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Organisations, environmental management and innovation
Organisations, environmental management and innovation

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1.4 Defining innovation

Having had a few moments to reflect on and consider your understanding of innovation, let’s start with a dictionary definition. The word ‘innovate’ comes from the Latin ‘innovāre’, meaning ‘to renew / alter’ (OED, 2014).

The OED defines the verb ‘to innovate’ as:

  1. To change (a thing) into something new; to alter; to renew.
  2. To bring in (something new) the first time; to introduce as new. 
  3. To bring in or introduce novelties; to make changes in something established; to introduce innovations.
(OED, 2014)

There is a subtle difference in the OED definitions: (1) suggests some kind of altering or even transformation of something that already exists; (2) conveys some quality associated with creative and inventive originality. Innovation is thus concerned with renewing or altering something that already exists, as well as the creation and invention of something new.

But what is the ‘it’ that is innovated? Some of your own answers to the earlier activities may provide some insights. Typically, innovation is often linked to some kind of product, a new device or item that represents a new way of doing things. Examples could be cars, mobile phones, computers or similar ‘gadgets’ or technology. But writers about innovation suggest this is quite a narrow, if prevailing view.

Reading 1 McDermott and Sexton, 2004

Approximate reading time: 10 minutes

Read ‘Four myths of innovation [Tip: hold Ctrl and click a link to open it in a new tab. (Hide tip)] ’ (McDermott and Sexton, 2004).

Activity 7 Four myths of innovation

Timing: Allow about 10 minutes

Identify and summarise the four myths of innovation according to McDermott and Sexton. What are the implications for the way we think about innovation?

Provide your answer...

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  1. Technology is innovation. The authors argue that technology is the product or outcome of innovation by people, rather than the innovation itself.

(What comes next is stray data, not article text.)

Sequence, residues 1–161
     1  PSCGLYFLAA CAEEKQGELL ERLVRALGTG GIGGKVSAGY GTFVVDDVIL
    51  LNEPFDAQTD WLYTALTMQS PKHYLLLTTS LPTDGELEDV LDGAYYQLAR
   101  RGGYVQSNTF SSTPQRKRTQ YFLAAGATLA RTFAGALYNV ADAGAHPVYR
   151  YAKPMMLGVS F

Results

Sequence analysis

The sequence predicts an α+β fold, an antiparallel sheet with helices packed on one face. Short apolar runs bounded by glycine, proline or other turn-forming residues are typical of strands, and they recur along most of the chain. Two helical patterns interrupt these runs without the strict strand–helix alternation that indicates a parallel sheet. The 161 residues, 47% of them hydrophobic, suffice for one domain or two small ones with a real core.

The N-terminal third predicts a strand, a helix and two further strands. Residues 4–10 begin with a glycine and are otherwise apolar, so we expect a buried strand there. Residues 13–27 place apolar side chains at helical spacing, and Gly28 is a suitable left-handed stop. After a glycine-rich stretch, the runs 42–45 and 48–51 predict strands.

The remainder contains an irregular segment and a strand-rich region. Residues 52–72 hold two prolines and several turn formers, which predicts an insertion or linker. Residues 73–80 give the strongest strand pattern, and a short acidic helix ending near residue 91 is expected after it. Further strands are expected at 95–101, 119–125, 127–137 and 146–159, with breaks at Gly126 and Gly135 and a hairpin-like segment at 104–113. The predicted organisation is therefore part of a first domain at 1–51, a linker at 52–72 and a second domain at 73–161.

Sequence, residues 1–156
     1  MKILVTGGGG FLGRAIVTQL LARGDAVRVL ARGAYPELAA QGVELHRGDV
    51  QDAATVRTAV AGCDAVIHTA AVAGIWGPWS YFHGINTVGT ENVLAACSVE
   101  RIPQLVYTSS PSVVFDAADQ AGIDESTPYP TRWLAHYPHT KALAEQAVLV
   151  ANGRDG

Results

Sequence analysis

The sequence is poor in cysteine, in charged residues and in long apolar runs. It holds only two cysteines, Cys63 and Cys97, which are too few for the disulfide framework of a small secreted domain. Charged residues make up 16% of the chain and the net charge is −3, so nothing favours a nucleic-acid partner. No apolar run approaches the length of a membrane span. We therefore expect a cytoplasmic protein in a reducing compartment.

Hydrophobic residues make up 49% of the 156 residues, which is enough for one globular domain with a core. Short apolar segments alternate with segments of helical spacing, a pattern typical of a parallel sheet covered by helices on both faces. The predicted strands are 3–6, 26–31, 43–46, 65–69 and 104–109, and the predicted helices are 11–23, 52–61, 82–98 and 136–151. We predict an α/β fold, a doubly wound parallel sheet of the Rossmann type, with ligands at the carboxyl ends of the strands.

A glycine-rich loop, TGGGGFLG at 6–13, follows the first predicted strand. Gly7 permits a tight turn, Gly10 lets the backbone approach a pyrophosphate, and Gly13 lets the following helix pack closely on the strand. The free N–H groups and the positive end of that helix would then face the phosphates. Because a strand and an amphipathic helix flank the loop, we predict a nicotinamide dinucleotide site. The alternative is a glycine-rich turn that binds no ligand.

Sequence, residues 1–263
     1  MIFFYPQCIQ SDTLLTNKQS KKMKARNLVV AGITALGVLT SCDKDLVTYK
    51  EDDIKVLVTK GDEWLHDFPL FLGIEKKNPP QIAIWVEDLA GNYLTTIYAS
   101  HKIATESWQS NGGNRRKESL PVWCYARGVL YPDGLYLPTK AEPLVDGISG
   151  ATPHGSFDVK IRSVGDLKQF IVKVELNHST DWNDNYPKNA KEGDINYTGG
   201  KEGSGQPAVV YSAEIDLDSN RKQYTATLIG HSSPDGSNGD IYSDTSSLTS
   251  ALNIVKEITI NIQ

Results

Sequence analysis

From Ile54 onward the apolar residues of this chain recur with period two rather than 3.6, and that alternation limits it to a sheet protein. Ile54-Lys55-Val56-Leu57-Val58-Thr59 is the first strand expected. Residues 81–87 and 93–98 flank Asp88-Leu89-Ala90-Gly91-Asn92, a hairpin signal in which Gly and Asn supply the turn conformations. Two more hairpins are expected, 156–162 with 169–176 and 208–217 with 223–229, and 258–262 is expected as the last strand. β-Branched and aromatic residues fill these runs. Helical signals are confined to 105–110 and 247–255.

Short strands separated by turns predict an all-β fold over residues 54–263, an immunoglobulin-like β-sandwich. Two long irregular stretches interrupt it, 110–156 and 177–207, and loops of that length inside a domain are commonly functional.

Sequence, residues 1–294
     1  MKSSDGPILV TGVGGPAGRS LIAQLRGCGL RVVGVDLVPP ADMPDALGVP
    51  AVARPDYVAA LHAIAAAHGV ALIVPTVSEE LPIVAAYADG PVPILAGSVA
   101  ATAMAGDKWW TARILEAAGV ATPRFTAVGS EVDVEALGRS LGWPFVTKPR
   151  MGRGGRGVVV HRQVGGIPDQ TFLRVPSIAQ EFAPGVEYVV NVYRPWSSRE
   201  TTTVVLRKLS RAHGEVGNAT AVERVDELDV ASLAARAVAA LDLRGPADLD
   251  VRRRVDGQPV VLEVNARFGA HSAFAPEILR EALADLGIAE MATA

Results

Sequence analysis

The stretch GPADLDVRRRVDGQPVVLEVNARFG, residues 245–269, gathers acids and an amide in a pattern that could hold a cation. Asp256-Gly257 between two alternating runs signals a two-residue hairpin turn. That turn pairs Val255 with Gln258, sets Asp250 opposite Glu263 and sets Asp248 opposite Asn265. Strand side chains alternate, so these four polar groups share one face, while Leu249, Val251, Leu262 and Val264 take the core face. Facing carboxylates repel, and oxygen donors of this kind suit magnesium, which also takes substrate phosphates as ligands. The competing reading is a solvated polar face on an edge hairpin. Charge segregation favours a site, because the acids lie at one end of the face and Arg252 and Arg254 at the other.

2. Innovation is for artists and ‘eccentrics’. Innovation is now a central concern for many organisations who are seeking to help their employees, at many different levels, develop new ideas and practices.
  3. All organisations encourage innovation among their staff. Despite beliefs and commitments to the contrary, many organisations fail to engage with their staff to utilise creativity and develop innovations.
  4. Innovation is a passing fad. Rather than being a practice or thing that can be used and discarded as needed, the authors suggest that innovation is a way of being and a mindset. This requires ongoing and significant commitment to enable innovation in all aspects of the organisation.

From this reading, it is evident that innovation can apply to products as well as services, ideas as well as practices, organisational forms as well as structure, and values as well as purpose of an organisation, to name just a few possible arenas and aspects of innovation. But perhaps the key message from this reading is that innovation is not technology – it is about people and the culture of organisations. Innovative technology may be developed and/or used by an organisation, but this is evidence of innovative organisational context, culture and the set of practices that have brought the technology into existence and/or use.